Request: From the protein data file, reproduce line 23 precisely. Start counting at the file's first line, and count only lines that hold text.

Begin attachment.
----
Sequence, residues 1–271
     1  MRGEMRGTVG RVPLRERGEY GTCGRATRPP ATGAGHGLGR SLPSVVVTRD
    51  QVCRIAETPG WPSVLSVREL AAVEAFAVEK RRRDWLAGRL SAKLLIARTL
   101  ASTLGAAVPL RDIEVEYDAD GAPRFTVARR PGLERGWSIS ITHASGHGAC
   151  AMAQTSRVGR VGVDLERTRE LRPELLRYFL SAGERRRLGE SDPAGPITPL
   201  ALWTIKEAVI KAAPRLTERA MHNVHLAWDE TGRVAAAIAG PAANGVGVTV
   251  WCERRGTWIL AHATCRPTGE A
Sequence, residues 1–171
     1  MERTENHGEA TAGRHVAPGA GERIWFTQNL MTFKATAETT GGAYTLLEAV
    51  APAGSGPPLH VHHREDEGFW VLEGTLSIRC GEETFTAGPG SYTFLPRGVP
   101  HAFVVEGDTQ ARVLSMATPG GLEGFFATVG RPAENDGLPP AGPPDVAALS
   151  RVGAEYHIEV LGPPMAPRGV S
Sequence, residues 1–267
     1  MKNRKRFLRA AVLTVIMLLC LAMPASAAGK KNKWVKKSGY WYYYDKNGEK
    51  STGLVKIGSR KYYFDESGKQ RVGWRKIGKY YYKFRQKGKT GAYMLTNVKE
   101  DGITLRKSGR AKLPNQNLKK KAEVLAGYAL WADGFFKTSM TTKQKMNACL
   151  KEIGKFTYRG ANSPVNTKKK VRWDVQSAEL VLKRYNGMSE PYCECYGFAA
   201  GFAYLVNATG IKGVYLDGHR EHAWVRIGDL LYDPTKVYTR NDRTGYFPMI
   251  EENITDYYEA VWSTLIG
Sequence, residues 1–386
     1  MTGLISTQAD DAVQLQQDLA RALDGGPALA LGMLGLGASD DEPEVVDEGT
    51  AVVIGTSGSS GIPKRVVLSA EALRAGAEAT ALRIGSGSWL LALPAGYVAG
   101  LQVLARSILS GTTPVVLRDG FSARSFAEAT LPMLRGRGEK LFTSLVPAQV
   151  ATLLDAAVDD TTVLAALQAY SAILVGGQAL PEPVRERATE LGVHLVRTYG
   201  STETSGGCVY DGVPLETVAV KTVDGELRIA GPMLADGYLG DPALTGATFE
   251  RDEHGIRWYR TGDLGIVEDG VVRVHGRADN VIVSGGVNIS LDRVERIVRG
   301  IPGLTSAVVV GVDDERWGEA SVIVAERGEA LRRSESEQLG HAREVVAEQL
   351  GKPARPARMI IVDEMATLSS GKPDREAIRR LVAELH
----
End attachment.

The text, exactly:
   101  LQVLARSILS GTTPVVLRDG FSARSFAEAT LPMLRGRGEK LFTSLVPAQV